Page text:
Data X Art: Re-imagining Art With The Help Of Technology

How new media artists are using technologies like machine learning and artificial intelligence to create mesmerizing pieces of art.


We believe that something amazing lies in the intersection of art and technology – To celebrate the international day of creativity and innovation, we wanted to delve into the world of some of our favourite contemporary artists and creative studios who work with technology, data and artificial intelligence, achieving incredible, ever-changing pieces of art with hundreds of possible outcomes.

“Artistic expression has reached new potentials as technology grows in capability. Art advances the experiences of technology, while technology advances the possibilities of art.”Ari Melenciano, designer, creative technologist and researcher.

Jesse WoolsonFor several years now, we have been hearing terms like data, artificial intelligence and machine learning everywhere. We hear things like the correct use of data can help a company change radically, or that artificial intelligence will be the solution to global problems. We know, broadly speaking, the importance that these terms have in our technological present, and how data can be found everywhere, from hospitals to museums. However, we wanted to understand a little more deeply why, for some artists, the use of these technologies has been essential for their creations and how is it that by conceptually handling data and algorithms, a different and innovative art form has been created?

If we were to imagine what data looks like, we would possibly think on a list of numbers or complicated algorithms. Some might also think of complex spreadsheets and graphs. And mostly, we would be correct. Data can be visualized in many ways. Sometimes the information will be scattered and difficult to understand. At other times, the information will be highly organized -and- probably difficult to understand as well. But suddenly, magic happens, and there are occasions where we can visualize data differently and creatively. A way in which data becomes an extremely attractive, changing, and a totally new form of artistic expression for the human eye.

DATAMONOLITH_AI by Ouchhh curated and produced by MASSIVart for ICD Brookfield Place Dubai

At MASSIVart, we love meeting and collaborating with artists who work with new media and who explore innovative forms of expression through complex technologies. Our most recent project is a great example of this: DATAMONOLITH_AI by Ouchhh Studio at the ICD Brookfield Place in Dubai. A cinematic experience that highlights the power of AI and the ancient origins that we all share.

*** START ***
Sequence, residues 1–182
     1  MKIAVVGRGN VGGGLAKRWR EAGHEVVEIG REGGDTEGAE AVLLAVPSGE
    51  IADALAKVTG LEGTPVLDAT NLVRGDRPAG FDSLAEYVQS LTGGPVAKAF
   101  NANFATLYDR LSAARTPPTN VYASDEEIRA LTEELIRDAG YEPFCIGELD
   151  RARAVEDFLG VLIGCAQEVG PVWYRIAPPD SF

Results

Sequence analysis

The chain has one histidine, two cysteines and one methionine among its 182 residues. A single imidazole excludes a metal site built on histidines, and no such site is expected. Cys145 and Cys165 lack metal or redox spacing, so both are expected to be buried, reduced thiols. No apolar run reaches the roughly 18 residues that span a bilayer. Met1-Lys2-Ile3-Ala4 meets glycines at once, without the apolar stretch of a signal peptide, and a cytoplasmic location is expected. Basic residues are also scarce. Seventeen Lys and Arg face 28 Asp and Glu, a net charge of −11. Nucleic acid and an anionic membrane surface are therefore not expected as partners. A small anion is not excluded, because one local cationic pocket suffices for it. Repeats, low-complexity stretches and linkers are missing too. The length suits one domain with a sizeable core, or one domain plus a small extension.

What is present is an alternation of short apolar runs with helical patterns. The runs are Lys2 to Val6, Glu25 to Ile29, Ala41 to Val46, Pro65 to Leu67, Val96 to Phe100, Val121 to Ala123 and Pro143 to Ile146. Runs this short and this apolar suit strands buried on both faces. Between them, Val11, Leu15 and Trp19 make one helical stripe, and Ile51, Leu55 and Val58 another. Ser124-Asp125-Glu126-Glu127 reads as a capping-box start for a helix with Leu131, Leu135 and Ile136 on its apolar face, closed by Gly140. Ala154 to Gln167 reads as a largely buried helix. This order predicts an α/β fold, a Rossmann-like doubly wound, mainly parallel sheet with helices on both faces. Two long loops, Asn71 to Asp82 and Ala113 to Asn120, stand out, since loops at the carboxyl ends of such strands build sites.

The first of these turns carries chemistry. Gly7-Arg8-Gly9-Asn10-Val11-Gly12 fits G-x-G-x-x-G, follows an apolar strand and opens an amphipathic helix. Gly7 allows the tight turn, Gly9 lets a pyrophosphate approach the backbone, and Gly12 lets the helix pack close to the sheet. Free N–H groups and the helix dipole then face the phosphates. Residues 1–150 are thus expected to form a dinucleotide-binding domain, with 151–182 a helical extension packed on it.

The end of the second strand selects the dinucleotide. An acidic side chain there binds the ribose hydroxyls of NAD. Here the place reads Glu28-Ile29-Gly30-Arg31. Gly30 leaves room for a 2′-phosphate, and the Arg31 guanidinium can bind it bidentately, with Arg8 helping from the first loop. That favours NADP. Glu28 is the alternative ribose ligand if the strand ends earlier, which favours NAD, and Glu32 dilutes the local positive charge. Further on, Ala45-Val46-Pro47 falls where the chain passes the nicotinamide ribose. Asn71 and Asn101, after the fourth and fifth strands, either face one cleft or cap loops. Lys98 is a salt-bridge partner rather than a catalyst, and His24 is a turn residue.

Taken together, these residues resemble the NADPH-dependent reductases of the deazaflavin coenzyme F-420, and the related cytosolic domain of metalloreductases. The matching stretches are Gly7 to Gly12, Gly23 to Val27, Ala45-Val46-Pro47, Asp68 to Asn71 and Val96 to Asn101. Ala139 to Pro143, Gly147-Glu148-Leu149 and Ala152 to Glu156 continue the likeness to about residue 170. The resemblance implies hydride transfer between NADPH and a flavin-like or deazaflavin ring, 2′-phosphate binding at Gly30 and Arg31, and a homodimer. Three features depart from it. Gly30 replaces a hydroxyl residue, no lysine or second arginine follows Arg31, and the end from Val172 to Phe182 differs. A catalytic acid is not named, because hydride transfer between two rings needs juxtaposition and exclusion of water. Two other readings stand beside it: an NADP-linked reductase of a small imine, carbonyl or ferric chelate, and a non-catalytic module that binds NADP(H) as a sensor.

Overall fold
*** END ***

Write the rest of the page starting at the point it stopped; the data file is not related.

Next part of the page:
The world changes constantly, and so does art. By merging technology with creativity, these artists invite us to question and explore the relationship between the real and the unreal, between the accurate and the inaccurate, and finally, the creation of a whole new art expression that is never the same and that has the ability to create all sort of emotions in our beautiful, imperfect human brains.


Cover photo: Sarah Meyohas – “Speculations”
GIF: Jesse Woolston – The Garden of Earthly Delights, a triptych masterpiece that reveals the immense creativity and imagination of Hieronymus Bosch.
Photo: DATAMONOLITH_AI by Ouchhh Studio curated and produced by MASSIVart for ICD Brookfield Place in Dubai



These are the artists working with technology who inspire us the most:


Refik Anadol


Using machine intelligence, Refik Anadol keeps amazing us by creating surreal visualizations of information that turn into data sculptures. Through a machine learning algorithm that generates visual associations as it learns, he creates mesmerizing, immersive installations that remind us of a dream.

? Refik Anadol – Machine Hallucination. 30-minute experimental cinema, presented in 16K resolution, that visualizes the story of New York through the city’s collective memories that constitute its deeply-hidden consciousness.

Sarah Meyohas

Sarah Meyohas

Sarah merges traditional objects and elements from nature with beauty and contemplation through contemporary digital mediums. She creates a whole new visual language and expression of systems, algorithms, and technologies that influence our daily lives by converting them into beautiful, metaphorical pieces.